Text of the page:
The variable life‐adjusted display (VLAD) is the first risk‐adjusted graphical procedure proposed in the literature for monitoring the performance of a surgeon. It displays the cumulative sum of expected minus observed deaths. It has since become highly popular because the statistic plotted is easy to understand. But it is also easy to misinterpret a surgeon's performance by utilizing the VLAD, potentially leading to grave consequences. The problem of misinterpretation is essentially caused by the variance of the VLAD's statistic that increases with sample size. In order for the VLAD to be truly useful, a simple signaling rule is desperately needed. Various forms of signaling rules have been developed, but they are usually quite complicated. Without signaling rules, making inferences using the VLAD alone is difficult if not misleading. In this paper, we establish an equivalence between a VLAD with V‐mask and a risk‐adjusted cumulative sum (RA‐CUSUM) chart based on the difference between the estimated probability of death and surgical outcome. Average run length analysis based on simulation shows that this particular RA‐CUSUM chart has similar performance as compared to the established RA‐CUSUM chart based on the log‐likelihood ratio statistic obtained by testing the odds ratio of death. We provide a simple design procedure for determining the V‐mask parameters based on a resampling approach. Resampling from a real data set ensures that these parameters can be estimated appropriately. Finally, we illustrate the monitoring of a real surgeon's performance using VLAD with V‐mask.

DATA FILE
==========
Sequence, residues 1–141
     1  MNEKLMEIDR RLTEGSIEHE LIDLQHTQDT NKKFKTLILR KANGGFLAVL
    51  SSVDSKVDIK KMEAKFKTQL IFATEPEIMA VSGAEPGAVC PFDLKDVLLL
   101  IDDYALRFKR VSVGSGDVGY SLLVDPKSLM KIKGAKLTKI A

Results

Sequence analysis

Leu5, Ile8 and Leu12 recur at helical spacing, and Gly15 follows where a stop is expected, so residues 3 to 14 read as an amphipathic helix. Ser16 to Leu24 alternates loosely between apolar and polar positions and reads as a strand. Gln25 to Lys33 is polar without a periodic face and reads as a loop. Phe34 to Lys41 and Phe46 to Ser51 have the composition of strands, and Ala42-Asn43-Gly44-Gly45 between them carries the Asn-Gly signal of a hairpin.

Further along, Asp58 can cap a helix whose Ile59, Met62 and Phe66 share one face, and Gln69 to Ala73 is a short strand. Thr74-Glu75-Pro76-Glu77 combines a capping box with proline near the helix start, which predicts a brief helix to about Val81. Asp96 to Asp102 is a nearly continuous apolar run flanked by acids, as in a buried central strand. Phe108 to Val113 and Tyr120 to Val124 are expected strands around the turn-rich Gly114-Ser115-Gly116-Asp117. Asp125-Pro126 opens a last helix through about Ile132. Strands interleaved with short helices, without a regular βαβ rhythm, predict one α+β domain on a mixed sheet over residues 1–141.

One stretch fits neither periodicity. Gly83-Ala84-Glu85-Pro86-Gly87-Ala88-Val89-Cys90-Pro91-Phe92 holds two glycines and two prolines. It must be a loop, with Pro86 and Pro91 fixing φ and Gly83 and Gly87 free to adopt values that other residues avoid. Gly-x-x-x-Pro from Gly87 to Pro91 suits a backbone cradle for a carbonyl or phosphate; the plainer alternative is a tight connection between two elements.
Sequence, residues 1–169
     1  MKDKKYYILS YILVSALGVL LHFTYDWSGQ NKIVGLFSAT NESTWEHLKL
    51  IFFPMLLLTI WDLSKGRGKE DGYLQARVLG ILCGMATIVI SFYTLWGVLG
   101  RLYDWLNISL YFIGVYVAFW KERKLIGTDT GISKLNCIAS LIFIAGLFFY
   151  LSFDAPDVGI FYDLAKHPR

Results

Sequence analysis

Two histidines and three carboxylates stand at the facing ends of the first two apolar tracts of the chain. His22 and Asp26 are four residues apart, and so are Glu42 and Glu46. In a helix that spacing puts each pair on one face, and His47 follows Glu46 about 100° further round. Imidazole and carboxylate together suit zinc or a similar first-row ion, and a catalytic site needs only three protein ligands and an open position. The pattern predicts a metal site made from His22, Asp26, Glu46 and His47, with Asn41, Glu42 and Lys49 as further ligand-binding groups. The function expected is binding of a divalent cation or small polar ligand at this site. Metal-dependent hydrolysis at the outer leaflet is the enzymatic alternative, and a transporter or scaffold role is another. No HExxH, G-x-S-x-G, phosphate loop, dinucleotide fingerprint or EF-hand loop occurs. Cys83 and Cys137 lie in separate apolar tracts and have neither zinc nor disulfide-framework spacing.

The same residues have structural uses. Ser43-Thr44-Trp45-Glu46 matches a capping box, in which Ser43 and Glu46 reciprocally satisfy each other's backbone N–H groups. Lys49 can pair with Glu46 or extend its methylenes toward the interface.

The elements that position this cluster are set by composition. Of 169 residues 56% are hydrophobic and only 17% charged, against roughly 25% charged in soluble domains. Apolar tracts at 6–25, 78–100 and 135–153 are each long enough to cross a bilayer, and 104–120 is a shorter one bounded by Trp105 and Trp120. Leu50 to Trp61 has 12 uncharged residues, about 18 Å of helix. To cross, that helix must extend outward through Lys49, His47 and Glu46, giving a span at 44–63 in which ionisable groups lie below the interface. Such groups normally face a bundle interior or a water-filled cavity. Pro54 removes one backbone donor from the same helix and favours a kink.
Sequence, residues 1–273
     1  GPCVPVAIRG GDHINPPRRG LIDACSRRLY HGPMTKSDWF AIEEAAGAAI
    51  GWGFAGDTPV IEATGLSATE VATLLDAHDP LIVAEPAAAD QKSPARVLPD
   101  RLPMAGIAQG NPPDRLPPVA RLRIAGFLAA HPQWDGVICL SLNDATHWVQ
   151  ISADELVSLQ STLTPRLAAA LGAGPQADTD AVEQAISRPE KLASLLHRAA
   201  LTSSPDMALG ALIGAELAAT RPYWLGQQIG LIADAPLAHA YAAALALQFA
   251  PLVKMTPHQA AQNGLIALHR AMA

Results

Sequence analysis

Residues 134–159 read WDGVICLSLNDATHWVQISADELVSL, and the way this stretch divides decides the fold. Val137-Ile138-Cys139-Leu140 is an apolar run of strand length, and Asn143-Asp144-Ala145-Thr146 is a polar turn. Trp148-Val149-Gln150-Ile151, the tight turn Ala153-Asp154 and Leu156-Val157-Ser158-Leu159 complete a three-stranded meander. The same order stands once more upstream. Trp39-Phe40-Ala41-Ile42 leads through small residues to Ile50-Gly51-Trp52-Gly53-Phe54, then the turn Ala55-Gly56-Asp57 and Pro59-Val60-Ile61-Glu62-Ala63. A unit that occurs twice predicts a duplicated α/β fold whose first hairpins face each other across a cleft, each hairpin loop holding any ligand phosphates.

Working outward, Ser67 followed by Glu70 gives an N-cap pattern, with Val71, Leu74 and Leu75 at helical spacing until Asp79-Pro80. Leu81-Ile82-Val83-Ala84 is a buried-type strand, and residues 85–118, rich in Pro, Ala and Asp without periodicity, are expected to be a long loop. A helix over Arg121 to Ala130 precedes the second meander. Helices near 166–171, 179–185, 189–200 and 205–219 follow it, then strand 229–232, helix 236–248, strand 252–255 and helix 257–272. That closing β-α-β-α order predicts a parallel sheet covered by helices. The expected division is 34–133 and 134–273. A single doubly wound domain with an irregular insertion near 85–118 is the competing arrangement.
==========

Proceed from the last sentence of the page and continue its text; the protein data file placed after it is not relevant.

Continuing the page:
Statistics in Medicine – Wiley
Published: Jan 20, 2018
Keywords: ; ; ; ;
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